Since it was irresponsible borrowing and lending that got Greece into this mess in the first place, do we really believe that a further bout of irresponsible lending is the answer?  For make no mistake, further lending without conditions is tantamount to irresponsible lending.  Is that in the long term interest of Greece, not to mention the taxpayers of the other EU countries?  As I have posted before, Greece is in an incredibly difficult situation in which there appears to be no easy way out.  Whatever Greeks decide to do, they are faced with years if not decades of economic and social dislocation and pain.  But I do not ascribe to the view that the rest of the EU should just hand over loads and loads of money to Greece to do whatever it wants with it.  That is irresponsible.  It is also the view shared by all the other EU countries.  There is no point other than vindictiveness to single out Germany for blame.
Now, while I fully support the imposition of conditions to current and future loans, it is another matter altogether when it comes to the nature of these conditions.  The current wave of austerity and yet more austerity leading to recession, leading to even more austerity is self-defeating.  The conditions which the EU and IMF are imposing on Greece are just plain stupid and only serve to show how much of current economic thinking is divorced from reality.  Not just the present, but our politicians and economic leaders all seem to have forgotten the lessons learned from the economic and political troubles of the 1920s and 30s.  But once again there is little point in singling out Germany is this regard.  Bad though German economic thinking is, it is shared by almost all the other EU countries.  Even in the UK, our very own nasty coalition is mired to austerity.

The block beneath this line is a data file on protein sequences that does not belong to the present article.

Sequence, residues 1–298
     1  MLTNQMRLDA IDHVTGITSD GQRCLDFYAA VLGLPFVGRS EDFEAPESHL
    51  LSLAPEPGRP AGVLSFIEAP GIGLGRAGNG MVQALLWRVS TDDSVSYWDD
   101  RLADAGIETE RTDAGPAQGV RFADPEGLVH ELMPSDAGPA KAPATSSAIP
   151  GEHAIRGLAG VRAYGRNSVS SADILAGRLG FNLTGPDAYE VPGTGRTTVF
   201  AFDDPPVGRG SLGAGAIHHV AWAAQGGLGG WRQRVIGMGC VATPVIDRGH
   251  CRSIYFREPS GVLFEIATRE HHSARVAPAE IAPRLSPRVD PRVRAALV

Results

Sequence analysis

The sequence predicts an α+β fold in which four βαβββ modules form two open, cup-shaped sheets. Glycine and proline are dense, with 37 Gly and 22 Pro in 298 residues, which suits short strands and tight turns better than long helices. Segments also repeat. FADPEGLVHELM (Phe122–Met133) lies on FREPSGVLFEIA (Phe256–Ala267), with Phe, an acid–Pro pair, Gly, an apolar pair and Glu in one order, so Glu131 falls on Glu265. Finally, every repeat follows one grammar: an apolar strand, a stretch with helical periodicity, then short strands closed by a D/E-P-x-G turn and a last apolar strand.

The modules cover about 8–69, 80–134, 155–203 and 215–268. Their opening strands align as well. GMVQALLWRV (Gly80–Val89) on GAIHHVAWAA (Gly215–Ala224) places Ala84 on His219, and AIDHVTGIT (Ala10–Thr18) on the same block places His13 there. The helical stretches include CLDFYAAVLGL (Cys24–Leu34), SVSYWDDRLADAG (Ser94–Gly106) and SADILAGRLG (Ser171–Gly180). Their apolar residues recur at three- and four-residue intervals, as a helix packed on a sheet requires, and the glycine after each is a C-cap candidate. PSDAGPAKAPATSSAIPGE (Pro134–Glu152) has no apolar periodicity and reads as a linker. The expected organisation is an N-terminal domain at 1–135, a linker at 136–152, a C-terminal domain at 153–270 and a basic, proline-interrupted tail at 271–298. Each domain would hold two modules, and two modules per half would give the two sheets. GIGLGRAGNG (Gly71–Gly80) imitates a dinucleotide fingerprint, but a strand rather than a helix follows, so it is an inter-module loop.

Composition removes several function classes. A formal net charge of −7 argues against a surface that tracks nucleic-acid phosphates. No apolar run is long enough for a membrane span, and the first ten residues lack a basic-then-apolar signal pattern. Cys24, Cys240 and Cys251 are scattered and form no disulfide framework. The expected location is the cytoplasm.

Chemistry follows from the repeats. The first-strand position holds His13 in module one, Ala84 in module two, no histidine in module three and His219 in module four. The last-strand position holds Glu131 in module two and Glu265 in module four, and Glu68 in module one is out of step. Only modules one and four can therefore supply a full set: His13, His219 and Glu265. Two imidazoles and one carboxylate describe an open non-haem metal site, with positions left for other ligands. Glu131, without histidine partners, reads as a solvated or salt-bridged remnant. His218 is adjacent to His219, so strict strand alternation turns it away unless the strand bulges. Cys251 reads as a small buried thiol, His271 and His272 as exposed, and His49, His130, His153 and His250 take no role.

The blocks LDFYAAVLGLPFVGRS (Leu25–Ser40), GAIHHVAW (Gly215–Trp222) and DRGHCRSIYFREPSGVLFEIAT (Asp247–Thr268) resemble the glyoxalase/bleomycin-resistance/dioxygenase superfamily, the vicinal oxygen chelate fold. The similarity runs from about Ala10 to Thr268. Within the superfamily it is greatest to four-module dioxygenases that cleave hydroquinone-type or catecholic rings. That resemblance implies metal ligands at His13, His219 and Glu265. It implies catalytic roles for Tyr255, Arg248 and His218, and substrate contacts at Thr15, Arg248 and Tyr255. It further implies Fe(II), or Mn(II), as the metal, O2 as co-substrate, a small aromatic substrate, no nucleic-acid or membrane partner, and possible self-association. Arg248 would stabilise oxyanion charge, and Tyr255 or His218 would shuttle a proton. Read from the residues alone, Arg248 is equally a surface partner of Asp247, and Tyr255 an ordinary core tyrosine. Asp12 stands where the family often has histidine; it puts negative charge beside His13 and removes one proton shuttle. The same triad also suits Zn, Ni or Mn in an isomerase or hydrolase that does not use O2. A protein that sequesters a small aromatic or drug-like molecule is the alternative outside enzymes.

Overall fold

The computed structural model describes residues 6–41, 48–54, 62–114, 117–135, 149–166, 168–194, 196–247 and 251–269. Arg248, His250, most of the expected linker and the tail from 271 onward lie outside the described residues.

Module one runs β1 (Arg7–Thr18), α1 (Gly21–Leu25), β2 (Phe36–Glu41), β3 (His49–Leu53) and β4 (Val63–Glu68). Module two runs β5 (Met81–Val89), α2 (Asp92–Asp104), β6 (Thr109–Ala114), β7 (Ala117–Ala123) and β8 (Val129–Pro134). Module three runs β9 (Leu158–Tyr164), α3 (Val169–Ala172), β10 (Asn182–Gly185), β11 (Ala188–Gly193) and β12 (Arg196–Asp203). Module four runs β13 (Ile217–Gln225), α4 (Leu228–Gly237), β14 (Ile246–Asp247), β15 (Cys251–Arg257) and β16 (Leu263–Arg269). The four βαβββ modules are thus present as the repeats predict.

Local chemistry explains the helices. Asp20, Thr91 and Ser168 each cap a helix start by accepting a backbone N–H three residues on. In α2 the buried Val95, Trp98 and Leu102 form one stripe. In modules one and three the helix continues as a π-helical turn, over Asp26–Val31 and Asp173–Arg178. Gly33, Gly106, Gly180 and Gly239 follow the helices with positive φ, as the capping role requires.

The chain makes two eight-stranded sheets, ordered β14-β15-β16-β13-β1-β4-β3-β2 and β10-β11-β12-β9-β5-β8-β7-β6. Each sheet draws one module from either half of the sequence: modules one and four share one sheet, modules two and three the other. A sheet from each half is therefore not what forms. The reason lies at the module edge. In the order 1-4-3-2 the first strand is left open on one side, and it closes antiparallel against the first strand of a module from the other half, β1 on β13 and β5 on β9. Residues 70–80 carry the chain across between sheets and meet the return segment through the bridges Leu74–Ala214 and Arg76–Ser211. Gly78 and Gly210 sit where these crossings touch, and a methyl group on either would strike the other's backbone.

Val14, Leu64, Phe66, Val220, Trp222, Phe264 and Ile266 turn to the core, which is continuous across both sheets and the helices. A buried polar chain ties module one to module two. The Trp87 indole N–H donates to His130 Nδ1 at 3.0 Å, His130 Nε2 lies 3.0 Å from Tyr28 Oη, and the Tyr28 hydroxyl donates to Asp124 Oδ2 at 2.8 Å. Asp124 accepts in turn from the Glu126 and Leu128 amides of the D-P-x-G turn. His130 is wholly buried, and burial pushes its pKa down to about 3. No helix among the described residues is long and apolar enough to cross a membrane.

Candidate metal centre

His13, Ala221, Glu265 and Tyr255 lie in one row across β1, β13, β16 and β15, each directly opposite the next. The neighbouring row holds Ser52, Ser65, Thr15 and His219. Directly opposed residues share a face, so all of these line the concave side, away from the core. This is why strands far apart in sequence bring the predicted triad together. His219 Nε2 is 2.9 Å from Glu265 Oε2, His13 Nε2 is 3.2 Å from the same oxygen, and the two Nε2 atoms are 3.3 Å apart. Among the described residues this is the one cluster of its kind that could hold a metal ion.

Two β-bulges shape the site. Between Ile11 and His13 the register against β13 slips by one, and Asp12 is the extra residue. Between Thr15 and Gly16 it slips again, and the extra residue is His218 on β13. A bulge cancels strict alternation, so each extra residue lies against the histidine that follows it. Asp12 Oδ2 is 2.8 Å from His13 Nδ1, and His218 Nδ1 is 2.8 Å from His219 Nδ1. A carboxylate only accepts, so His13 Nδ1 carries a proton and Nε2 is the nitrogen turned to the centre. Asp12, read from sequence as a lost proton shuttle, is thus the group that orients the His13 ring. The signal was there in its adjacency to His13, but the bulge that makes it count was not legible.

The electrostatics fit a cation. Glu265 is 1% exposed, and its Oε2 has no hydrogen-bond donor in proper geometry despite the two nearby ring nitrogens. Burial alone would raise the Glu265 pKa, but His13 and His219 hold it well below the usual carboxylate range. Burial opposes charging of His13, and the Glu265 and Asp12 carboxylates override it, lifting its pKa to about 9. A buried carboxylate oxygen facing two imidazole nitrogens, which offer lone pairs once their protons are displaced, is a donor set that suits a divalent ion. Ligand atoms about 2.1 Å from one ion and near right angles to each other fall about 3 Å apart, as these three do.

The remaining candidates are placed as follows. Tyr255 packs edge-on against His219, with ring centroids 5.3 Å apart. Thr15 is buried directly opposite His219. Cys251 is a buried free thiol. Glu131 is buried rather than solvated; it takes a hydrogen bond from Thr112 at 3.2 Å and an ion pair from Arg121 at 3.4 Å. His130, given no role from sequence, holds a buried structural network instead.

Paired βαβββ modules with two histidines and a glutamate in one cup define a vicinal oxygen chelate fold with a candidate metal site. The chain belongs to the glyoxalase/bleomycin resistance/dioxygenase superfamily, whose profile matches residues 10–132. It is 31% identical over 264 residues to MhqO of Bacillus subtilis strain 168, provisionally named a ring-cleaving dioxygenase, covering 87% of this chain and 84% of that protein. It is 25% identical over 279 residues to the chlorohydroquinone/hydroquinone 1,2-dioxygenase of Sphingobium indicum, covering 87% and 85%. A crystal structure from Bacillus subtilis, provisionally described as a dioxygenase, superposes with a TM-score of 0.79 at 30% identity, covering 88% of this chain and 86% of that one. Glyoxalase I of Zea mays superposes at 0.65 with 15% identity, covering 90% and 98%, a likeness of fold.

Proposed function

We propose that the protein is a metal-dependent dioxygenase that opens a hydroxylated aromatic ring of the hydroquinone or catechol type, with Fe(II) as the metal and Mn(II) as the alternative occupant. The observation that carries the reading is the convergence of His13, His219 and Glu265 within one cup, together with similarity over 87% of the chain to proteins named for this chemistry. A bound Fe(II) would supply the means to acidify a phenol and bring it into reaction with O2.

If we are all to have a better future and get through these difficult times with the least possible suffering then we all need to work together to challenge the still dominant neo-liberal thinking which rules in all our capitals.  Petty minded, nationalistic blame games will only make this very difficult task even more difficult.  Greeks above all need to meet with and work with those Germans and others who disagree with current economic thinking and find a way to mount a serious political challenge to our current leaders.  Calling Germans names is not part of the solution.